More than 17 million immigrants have arrived in the country since 2000, the report said. Virginia Davis, Santorum’s spokesperson at Patriot Voices, said the 17 million figure in his speech referred to this point, though it is unclear what point he was making with this figure in the speech.

    But the key word in Santorum’s speech is “net.” The actual number of native-born workers with jobs increased steadily from 2000 through 2007. Then, as the recession hit, the numbers started dropping again, back to circa-2000 levels. The number of immigrants with jobs, in comparison, grew steadily through the recession.

    From here they get to 3 Pinocchios, mostly by semantics and hair-splitting. I guess finding it “mostly true” would have caused heads to explode.

    Kevin M (25bbee)

  51. The short of it is that employers replaced 6 million US citizens with 6 million immigrants, legal and otherwise, in the period between 2007 and now. You might think this would be a campaign issue, but apparently not. After all, none of those jobs were held by government workers.

    Kevin M (25bbee)

  52. Hey, they’re just “the jobs Americans won’t do” Kevin! Which year’s narrative was that one again? :)

    elissa (4a576d)

  53. or jobs Americans wont pay for Americans to do.
    either way, RS has a point.

    seeRpea (9a7f2e)

  54. 46.I wonder if she believes illegals have the right to vote too.
    Zoltan (19574a) — 1/29/2015 @ 2:14 pm

    Senator: “Ms. Lynch, do you believe that an illegal immigrant has the right to vote?”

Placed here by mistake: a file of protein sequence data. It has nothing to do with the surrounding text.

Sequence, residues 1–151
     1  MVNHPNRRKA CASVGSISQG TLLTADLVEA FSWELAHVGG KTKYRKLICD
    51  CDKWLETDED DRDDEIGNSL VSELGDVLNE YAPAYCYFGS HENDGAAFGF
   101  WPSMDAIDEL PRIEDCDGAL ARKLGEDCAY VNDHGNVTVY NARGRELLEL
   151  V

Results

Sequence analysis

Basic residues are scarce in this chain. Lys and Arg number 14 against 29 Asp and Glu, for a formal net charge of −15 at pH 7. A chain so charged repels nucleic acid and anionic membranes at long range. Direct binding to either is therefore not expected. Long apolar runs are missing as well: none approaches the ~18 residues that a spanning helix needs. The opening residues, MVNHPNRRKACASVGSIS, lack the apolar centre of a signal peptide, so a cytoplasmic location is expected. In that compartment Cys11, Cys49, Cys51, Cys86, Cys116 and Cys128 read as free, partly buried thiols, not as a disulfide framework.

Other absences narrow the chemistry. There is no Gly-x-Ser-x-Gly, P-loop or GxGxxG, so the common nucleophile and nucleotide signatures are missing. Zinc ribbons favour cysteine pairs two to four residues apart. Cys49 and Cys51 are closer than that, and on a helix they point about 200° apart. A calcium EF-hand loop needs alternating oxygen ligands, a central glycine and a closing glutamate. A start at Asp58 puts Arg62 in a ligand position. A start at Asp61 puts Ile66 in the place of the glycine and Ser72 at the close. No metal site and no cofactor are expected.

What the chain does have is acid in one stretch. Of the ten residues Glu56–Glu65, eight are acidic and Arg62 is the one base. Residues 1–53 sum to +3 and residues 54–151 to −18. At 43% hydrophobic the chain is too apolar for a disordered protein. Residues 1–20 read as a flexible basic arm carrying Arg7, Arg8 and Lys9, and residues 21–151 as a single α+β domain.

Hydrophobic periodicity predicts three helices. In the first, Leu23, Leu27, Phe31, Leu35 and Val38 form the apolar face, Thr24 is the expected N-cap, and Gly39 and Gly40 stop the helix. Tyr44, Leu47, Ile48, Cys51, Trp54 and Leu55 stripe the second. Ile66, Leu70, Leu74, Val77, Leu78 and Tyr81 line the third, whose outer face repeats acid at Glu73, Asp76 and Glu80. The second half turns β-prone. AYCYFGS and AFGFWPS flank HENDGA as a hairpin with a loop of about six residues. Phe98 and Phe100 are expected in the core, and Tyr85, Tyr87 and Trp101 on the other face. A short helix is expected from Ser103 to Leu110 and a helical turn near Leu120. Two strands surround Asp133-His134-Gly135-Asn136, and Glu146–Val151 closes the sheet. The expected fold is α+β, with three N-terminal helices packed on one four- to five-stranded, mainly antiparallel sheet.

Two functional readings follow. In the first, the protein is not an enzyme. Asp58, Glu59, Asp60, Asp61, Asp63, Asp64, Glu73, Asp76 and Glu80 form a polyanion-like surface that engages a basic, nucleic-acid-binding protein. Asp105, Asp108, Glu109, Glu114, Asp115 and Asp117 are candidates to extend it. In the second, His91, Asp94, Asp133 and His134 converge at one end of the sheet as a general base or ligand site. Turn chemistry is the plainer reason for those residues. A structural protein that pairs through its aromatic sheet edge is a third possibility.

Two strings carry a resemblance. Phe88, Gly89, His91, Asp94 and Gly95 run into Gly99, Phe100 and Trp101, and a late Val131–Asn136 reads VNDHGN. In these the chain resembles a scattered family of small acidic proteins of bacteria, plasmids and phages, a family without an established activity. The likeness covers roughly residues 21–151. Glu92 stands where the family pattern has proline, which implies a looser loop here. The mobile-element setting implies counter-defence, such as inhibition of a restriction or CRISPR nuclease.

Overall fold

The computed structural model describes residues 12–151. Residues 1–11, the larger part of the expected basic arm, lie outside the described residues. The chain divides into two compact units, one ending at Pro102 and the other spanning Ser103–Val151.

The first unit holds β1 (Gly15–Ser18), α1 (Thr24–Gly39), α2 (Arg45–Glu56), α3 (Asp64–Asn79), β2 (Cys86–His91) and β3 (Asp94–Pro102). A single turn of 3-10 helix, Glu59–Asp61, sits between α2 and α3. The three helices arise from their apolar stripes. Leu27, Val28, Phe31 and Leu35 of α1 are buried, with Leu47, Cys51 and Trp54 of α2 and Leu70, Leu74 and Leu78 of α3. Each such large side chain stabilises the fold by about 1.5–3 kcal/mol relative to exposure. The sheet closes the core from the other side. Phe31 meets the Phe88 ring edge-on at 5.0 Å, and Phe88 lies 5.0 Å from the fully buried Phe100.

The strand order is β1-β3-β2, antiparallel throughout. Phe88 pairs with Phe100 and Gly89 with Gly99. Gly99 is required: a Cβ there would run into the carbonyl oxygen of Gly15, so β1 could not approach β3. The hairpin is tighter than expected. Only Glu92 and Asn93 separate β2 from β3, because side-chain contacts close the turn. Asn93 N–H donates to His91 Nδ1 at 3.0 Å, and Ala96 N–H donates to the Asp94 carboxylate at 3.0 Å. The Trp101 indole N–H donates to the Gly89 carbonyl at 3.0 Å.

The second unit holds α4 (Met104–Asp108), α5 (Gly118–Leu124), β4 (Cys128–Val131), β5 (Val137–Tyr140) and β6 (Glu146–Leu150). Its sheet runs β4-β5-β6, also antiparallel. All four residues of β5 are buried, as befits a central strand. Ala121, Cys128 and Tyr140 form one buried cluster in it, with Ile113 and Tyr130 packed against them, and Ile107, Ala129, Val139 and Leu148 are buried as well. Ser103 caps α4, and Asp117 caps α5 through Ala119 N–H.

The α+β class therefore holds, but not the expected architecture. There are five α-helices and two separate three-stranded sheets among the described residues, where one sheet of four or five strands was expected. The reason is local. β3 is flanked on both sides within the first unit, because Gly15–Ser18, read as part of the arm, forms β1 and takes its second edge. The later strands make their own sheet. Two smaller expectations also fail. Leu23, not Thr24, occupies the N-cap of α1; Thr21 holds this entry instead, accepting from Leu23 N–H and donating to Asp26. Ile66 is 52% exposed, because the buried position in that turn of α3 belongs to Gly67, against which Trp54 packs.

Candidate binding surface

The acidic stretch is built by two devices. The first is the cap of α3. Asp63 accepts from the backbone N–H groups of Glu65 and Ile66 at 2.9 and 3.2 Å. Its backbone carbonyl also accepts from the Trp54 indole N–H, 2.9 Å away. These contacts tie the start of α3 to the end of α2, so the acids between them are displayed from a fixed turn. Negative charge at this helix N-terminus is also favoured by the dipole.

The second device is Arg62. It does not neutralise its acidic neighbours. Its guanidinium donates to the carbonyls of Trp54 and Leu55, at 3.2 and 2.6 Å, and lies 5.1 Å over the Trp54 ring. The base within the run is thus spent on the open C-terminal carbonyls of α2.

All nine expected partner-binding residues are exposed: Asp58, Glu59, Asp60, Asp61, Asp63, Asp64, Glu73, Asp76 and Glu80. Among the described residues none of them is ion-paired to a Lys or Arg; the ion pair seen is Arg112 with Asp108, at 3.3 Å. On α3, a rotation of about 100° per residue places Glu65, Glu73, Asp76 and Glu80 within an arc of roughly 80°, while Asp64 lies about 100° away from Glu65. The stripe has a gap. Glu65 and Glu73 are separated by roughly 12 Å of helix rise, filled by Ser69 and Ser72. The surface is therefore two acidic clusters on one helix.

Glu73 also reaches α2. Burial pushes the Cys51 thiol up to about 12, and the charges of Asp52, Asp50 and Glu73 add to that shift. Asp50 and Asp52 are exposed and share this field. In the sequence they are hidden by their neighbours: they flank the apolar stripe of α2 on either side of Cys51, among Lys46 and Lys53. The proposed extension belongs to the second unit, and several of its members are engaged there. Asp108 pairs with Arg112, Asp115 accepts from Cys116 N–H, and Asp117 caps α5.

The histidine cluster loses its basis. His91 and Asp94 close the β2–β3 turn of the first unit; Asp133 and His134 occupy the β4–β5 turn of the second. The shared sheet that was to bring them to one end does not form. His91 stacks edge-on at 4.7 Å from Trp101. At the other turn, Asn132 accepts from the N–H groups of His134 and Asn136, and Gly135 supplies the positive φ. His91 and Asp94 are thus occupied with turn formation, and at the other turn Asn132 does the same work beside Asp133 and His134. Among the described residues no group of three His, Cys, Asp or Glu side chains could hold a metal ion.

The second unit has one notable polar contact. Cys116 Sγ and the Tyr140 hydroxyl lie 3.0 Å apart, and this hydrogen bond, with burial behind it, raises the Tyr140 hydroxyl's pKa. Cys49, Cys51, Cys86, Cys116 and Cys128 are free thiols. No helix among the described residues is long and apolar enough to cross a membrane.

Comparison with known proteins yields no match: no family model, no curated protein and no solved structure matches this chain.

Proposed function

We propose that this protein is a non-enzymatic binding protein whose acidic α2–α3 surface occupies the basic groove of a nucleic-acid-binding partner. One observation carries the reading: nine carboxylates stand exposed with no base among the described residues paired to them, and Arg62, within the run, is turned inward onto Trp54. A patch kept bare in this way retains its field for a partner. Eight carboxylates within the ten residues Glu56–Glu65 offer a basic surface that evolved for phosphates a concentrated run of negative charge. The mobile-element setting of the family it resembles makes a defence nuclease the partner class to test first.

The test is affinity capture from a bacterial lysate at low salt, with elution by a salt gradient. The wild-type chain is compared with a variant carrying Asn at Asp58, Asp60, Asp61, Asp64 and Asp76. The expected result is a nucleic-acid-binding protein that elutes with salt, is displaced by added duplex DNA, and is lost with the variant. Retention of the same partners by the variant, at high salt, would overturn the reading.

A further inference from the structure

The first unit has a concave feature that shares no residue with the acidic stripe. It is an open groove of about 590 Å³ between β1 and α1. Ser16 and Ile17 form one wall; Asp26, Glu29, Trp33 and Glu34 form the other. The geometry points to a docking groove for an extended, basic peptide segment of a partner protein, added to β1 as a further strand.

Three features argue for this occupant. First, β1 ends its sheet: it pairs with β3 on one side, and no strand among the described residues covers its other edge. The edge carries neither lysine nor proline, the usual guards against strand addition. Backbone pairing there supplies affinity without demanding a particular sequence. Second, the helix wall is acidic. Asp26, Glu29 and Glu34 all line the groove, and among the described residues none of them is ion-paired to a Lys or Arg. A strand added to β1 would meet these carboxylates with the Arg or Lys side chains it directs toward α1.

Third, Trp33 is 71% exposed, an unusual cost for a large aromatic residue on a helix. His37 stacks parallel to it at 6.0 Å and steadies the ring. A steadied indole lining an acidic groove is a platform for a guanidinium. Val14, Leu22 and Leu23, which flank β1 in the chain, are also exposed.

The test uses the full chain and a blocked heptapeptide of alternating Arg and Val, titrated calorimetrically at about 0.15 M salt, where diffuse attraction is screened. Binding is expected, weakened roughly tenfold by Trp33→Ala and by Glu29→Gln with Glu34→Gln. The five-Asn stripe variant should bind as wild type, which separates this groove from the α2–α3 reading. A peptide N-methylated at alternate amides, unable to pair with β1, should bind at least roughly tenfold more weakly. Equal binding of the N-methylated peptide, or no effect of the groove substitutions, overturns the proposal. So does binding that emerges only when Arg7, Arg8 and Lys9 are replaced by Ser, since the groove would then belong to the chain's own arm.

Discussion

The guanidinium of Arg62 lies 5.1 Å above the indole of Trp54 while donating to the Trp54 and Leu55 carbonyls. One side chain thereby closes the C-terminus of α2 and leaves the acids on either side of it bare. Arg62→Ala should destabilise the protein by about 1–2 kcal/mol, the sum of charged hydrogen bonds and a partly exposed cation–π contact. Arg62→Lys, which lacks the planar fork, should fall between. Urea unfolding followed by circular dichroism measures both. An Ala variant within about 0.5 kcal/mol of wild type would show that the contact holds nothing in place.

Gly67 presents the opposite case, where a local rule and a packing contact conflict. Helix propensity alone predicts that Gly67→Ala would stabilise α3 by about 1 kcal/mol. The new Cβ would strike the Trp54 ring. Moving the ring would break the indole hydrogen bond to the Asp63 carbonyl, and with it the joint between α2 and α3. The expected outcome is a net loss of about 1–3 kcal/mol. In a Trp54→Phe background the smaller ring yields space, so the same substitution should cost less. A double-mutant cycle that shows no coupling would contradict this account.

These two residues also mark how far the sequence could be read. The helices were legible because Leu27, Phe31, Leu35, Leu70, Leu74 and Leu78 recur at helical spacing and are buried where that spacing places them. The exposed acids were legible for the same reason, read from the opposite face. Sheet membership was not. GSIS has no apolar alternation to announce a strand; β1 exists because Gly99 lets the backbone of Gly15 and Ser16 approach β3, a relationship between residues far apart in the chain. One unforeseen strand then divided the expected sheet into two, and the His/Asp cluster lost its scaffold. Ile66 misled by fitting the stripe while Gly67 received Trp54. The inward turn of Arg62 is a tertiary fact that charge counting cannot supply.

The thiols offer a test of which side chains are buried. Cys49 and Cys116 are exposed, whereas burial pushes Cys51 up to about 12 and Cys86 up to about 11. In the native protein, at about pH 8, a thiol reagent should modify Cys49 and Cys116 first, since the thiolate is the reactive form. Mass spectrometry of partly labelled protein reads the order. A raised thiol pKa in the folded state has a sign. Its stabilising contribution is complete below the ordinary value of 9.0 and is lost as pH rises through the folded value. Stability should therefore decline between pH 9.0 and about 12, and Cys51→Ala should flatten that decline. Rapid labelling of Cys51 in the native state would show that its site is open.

Lynch: “Yes Senator, assuming they were voting Democrat.”

    Ray Van Dune (9a0f2b)

  55. It’s not Whitey they oppose but a God that allows inequity and fails to reward sloth and indolence.

    http://thefederalist.com/2015/01/30/the-scott-walker-racial-rorschach-test/

    DNF (5f4210)

  56. Sen. Orrin Hatch has come out and says he “strongly supports” the Lynch nomination.

    I have a hard time believing what I’m seeing and hearing,

    When Prom Queen illegally gave illegal aliens permission to work, I half-jokingly asked if the government can make me hire illegal aliens. Because the law hasn’t changed. Illegal aliens can’t legally work in this country.

    Sen. Sessions asked Lynch if as AG the DoJ would go after employers for discriminating in favor of American citizens. She danced around the question, but in the end she refused to rule it out.

    Which means the DoJ will go after employers if they choose to obey black letter law and ignore Obama’s E.O. Although, it’s not an E.O., I understand. Obama refused to put anything in writing.

    This is just nuts. Lynch will get confirmed, yet her answers should have disqualified her from anything to do with law enforcement. The GOP put on a nice show about pretending to oppose Mean Girl’s amnesty. Yet they can’t bring themselves to even vote against this woman who will bring suit against employers who refuse to go along with said amnesty.

    Steve57 (a04df5)

  57. Her main qualification for the job per is that she is an Obama fangirl on par with Valerie Jarret.
    He can do no wrong nor break any law. He is a law unto himself.
    If we would just do everything the way Obama wants, life would be perfect. She intends to never ever let something as old and dusty as our racist constitution get in his way.
    She will never enforce any law that restricts Obama… kinda like Kamala Harris out here in CA

    steveg (794291)

  58. Sarah Palin says Orrin Hatch is a super stud conservative and he really gets her motor humming and if you don’t like him you hate America

    happyfeet (a037ad)

  59. “If I had advice, then that is the advice I would offer him at that time.”

    Oh, good.

    mojo (5c8ea5)